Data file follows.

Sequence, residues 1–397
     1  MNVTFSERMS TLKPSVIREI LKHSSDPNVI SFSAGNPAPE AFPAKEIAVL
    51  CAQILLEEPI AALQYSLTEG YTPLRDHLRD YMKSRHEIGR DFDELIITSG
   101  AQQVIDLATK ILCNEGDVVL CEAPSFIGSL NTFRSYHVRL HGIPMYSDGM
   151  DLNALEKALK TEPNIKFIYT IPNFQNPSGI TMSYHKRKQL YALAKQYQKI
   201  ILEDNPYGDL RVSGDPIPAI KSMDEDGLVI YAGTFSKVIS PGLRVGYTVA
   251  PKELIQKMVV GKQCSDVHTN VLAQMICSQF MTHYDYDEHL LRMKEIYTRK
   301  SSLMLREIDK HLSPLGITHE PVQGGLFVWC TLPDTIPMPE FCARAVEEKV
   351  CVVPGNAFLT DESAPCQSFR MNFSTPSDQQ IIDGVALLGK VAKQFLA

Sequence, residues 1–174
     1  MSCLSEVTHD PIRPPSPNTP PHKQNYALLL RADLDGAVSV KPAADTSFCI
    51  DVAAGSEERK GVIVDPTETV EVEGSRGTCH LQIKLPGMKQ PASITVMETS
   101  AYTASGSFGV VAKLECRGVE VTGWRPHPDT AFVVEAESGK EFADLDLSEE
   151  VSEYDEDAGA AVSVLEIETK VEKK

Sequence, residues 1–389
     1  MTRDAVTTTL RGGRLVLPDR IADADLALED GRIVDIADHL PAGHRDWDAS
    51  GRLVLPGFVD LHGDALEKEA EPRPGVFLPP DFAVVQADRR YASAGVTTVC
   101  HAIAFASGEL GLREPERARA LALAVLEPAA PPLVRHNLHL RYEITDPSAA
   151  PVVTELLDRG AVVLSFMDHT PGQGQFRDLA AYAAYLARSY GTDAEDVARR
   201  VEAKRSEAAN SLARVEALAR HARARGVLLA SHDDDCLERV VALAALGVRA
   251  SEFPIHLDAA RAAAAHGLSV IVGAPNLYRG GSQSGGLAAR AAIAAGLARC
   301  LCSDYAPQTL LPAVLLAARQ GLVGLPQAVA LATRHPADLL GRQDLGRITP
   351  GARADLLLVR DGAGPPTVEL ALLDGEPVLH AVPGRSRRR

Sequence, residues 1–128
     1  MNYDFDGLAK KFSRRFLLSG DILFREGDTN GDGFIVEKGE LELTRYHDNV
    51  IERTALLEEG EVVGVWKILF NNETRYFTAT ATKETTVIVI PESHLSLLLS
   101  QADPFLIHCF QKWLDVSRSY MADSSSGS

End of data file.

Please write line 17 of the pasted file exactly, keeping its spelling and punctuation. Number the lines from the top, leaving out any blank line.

    51  GRLVLPGFVD LHGDALEKEA EPRPGVFLPP DFAVVQADRR YASAGVTTVC